There are two words that truly define the essence of Italian Carnevale : the first is maschera , or mask; the second is — of course — Venezia. While...
The 11th edition of the Los Angeles, Italia. Film, Fashion and Art Fest, held at the TCL Chinese Theatres, on the pre-Oscars week, from February 21 to 27, channeled its efforts in celebrating two Italian legends.
The first, Italian composer, Ennio Morricone (Rome, November 10, 1928), was honored with the screening of four cinematic milestones, featuring his musical score.
Ennio, who has been recipient of almost every existent awards, was just awarded the cherry on top, the Academy Award for Best Original Score, for Q. Tarantino’s The Hateful Eight. For the sake of not straying from the pastry-making vocabulary, a sumptuous frosting was not neglected to Morricone, who received a star on the Hollywood Walk of Fame, on February 26.
The second, late lamented filmmaker, Ettore Scola (Trevico, in the province of Avellino, Campania, May 10, 1931 – January 19, 2016), was remembered with a special retrospective.
The festival’s opening film was the Golden Globe winner, A Special Day (Una giornata particolare, 1977), a politically engaged dramatic masterpiece. The other two screenings, under the documentary category, were: How Strange to Be Named Federico (Che strano chiamarsi Federico, 2013), last work directed by Scola, as an homage to Italian legendary filmmaker, Federico Fellini; Ridendo e Scherzando: A Portrait of an “Italian-Style” Director (2015), a bittersweet profile of the maestro, directed by Scola’s daughters, Paola and Silvia.
To consider Ettore Scola just a filmmaker is an oversimplification. At 15, he started drawing comic strips for Roman satirical publications, Marc’Aurelio and Il Travaso delle Idee. In 1950’s, he debuted as screenwriter for Italian-Style Comedies, often collaborating with colleague, Ruggero Maccari. In 1964, Ettore directed his first feature film, Let’s Talk About Women (Se permettete parliamo di donne), made of nine segments, starring Vittorio Gassman, as the male lead. In 1968, Scola garnered his first hit, with the comedy, Will Our Heroes Be Able to Find Their Friend Who Has Mysteriously Disappeared in Africa? (Riusciranno i nostri eroi a ritrovare l’amico misteriosamente scomparso in Africa?). The film marked also Ettore’s first collaboration with actor, Alberto Sordi. In 1974, the filmmaker authored his masterpiece, We All Loved Each Other So Much (C’eravamo tanto amati), which spans thirty years of Italian history and pays homage to several movie genres.
Another remarkable example of historical fresco is represented by The Family (La famiglia, 1987), which follows an Italian bourgeois household, over eighty years of history.With the turn of the 21st century, Scola began focusing exclusively on documentaries, or mockumentary, as in the case of Gente di Roma (2003).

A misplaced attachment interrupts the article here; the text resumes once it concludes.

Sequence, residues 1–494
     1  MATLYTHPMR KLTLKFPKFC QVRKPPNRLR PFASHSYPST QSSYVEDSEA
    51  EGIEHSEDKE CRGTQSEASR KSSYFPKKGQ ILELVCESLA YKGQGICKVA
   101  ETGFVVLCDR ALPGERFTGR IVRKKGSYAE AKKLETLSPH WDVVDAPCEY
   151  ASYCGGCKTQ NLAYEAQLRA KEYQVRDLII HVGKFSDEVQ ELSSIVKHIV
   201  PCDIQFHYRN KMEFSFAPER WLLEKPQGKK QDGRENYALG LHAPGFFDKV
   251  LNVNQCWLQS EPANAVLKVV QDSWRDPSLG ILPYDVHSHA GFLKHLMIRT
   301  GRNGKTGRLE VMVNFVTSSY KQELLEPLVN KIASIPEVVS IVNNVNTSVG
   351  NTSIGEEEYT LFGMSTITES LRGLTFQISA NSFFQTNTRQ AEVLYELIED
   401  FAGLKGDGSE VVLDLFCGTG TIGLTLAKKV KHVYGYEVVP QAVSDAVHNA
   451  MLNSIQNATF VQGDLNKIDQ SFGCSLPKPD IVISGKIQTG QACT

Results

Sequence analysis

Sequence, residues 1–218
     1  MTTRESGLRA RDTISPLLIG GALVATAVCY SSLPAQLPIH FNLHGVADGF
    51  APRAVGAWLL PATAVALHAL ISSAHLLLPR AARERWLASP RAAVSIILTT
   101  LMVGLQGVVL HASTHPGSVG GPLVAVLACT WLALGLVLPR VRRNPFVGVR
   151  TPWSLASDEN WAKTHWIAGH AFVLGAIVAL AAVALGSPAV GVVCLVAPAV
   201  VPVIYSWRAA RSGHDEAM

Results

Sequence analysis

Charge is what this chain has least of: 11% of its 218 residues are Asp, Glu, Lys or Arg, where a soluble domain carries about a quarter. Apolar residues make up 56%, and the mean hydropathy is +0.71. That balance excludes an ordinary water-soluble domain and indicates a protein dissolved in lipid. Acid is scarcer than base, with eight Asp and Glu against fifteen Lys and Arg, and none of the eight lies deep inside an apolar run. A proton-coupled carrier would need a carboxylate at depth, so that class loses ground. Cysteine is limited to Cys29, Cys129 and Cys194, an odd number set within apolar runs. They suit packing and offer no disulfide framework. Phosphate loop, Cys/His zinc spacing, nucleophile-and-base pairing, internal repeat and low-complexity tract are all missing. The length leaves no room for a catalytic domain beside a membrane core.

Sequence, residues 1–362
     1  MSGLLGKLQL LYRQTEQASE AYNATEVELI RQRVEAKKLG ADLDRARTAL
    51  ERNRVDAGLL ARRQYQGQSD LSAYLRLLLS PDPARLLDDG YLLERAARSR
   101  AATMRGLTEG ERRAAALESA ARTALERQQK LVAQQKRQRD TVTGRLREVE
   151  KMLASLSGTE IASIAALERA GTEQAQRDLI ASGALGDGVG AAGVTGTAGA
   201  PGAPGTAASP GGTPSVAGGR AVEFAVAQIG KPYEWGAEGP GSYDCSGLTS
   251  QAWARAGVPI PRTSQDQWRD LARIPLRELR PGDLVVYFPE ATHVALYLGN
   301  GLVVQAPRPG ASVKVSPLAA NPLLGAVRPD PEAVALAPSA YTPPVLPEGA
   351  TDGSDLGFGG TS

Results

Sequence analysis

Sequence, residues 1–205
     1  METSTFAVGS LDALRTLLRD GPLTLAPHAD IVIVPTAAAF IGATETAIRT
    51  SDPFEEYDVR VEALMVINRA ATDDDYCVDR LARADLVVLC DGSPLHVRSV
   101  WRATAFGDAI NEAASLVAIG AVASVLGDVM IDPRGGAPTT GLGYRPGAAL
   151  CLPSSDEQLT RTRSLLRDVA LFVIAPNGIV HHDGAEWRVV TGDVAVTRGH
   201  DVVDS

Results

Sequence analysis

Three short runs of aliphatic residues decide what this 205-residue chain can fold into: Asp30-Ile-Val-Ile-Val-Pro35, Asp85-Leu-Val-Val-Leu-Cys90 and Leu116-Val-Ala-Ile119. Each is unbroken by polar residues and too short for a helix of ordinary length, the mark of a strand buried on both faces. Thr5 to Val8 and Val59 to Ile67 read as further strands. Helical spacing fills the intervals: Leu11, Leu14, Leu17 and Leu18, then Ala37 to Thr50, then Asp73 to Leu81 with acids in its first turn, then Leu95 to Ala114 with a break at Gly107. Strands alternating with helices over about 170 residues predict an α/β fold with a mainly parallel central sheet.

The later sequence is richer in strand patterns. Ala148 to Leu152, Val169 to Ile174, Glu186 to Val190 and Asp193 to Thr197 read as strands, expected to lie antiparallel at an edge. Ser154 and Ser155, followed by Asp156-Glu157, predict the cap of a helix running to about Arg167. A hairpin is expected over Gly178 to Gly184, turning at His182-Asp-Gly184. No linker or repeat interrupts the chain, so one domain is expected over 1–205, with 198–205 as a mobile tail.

My scope here is not to chronicle Scola’s outstanding career, but to offer you a heartfelt glimpse about the extraordinary intellectual, humorist, historian, in a word “conscience” of our country, whom I had the privilege and honor to meet in person.
The first time I met the maestro, was a fine evening on June 2006. Ettore was among the spectators of our year’s final stage performance, at the prestigious Roman Acting School “Teatro Azione”. Do you think Scola was there to scout for new talent? Sorry to say, but you’re wrong.
Ettore attended the show to watch his grandson on stage. However, the latter happened to be my partner in one of the comedic sketches.
At the end of the play, Scola approached me and complimented me on my comic acting. I was paralyzed and unable to react for a little while. That praise came from someone, who surely knew a thing or two about comedy! The second time I had the chance to talk one-to-one with the filmmaker, was in the summer of 2012. I had just graduated from my Bachelor degree and I was desperately seeking some words of wisdom on where to better complete my formation.
Through the kind intercession of Ettore’s grandson, I was received by the maestro, in his apartment, located in “Parioli”, a neighborhood in the north of Rome. I asked Scola to give me some feedback on my early attempt of short film’s screenplay, before submitting it, as part of my application, to several film schools. As he was reading it intently, my heart was beating hard. Then, he lifted his eyes and assumed a benevolent look. The story is very “tender.” At that point, I was waiting for the inevitable “but”, which, in fact, came shortly afterwards.
I received, then, my first free screenwriting lesson: the characters, especially the protagonist, need to face some obstacles, or better “conflict”, in the pursuit of their goals. I thanked him about his evaluation and admitted my indecision about where to enroll. I was divided in my mind about Master programs in Screenwriting, offered by a couple of institutions, respectively in London and Paris, alongside a pair of alternatives in the States.
He, then, made a slightly disappointed face, and remarked how Italy offered formative opportunities, worth to consider. Above all, the newly inaugurated, public and cost-free, School of Cinematic Art “Gian Maria Volonté”, launched by the Province of Rome, in 2011, with the encouragement of Scola himself.
Luckily, I didn’t follow my first impulse to snap back that I wanted to flee from my home country, for its widespread nepotism and lack of meritocracy.
Despite I didn’t follow the maestro’s advice and, at last, I moved to the US, I fully endorse his vision of a new generation of Italian talent, with free and open access to resources, in order to realize their dreams.